The head of La Trobe University’s law school has shed some light on the letters V.C. placed before a Bendigo councillor’s signature on a revised code of conduct which had threatened to see her disqualified.
City of Greater Bendigo councillor Elise Chapman was one of 107 Victorian councillors facing disqualification over a revised code of conduct required by the state government. Cr Chapman did sign the document, though not in the presence of the city’s CEO and with the letters V.C. before her name.
Professor Patrick Keyzer said V.C. stood for a Latin phrase meaning signed under duress.
“That doesn't mean the signature isn’t valid as a signature, it just means the person who signed it wasn’t happy about being placed in a position where they felt compelled to sign,” Mr Keyzer said.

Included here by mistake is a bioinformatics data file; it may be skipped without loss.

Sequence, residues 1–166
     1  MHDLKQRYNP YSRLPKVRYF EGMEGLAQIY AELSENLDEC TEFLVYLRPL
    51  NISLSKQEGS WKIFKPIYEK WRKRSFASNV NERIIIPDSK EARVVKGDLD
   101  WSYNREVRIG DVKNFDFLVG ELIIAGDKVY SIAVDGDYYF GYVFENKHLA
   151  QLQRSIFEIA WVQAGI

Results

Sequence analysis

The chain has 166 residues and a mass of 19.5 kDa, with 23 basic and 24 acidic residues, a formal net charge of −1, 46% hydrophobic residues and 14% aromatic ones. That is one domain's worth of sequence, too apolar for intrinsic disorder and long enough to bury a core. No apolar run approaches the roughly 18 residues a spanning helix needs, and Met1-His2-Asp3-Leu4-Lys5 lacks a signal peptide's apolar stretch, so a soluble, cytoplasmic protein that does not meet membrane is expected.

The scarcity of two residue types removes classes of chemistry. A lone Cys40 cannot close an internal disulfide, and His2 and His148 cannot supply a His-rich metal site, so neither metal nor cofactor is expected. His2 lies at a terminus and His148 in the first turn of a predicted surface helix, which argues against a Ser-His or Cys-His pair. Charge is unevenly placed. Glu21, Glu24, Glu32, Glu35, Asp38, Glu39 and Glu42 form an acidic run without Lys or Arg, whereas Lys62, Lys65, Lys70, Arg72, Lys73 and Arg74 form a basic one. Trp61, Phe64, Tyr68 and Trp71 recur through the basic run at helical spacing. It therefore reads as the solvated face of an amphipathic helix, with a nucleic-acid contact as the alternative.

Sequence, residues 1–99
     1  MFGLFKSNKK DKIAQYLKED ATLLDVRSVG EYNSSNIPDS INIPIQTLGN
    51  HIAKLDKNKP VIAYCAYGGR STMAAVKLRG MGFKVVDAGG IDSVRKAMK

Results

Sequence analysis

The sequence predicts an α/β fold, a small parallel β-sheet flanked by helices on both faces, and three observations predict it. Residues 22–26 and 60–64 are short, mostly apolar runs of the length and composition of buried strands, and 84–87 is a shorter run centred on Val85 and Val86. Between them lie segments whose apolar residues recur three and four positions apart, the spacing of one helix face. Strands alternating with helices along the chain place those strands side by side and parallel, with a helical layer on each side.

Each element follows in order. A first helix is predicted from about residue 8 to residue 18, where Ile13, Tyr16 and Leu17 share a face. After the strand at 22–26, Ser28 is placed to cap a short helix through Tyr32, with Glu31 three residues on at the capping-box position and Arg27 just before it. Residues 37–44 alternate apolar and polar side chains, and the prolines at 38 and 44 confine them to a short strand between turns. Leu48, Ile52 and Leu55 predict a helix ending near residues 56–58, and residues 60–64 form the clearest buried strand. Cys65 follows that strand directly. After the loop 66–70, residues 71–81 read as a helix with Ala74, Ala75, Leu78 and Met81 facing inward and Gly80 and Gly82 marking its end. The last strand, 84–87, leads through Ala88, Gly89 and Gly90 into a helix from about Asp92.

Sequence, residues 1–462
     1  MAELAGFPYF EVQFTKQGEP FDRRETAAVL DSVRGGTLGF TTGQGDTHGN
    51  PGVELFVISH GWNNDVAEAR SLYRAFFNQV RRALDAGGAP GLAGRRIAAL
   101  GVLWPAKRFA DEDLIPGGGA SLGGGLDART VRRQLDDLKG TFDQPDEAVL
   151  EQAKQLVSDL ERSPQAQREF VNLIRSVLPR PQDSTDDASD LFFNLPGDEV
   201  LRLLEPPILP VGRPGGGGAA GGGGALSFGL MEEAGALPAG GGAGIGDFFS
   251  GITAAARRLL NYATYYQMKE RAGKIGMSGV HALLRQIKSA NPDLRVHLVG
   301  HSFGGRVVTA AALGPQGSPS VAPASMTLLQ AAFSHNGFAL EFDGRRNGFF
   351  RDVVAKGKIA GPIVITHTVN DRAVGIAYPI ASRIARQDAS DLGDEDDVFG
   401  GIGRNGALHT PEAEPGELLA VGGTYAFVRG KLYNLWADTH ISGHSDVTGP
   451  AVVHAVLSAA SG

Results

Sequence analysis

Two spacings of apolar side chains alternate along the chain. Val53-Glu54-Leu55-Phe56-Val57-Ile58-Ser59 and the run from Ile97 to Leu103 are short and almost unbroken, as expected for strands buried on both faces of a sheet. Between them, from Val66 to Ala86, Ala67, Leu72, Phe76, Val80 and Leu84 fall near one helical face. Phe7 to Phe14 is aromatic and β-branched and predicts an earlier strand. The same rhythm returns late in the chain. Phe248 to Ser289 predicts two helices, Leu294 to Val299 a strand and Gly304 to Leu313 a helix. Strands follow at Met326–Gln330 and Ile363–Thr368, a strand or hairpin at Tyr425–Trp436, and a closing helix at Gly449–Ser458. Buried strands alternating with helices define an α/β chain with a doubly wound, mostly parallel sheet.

“That doesn't mean the signature is invalid.”
Mr Keyzer – an expert in constitutional law – said he had never heard of the concept before and had yet to come up with any precedent despite trawling though legal tomes.
“I even pulled out Broom's ‘Legal Maxims’ – which is ancient 18th century book – but at the moment I’m just going off the same resource as everyone else...what I can find online,” he said.
“It is a very quaint act, a very quaint thing to do – but I’m sure the councillor must have her reasons.”
A Google search using the keywords “V.C.” and “duress” leads to blogs and forums with titles such as ‘How To Sign Your Name Without Assuming Liability’.
However, Mr Keyzer said the concept was unlikely to be challenged in a court of law.
“[Cr Chapman] could be referring to the fact she understood the sanction was dismissal from council and that was her objection, rather than to the code of conduct itself – you’d have to ask her,” he said.
Cr Chapman has refused on several occasions to explain to the Bendigo Advertiser why she wrote the letters V.C. in front of her signature despite answering other questions.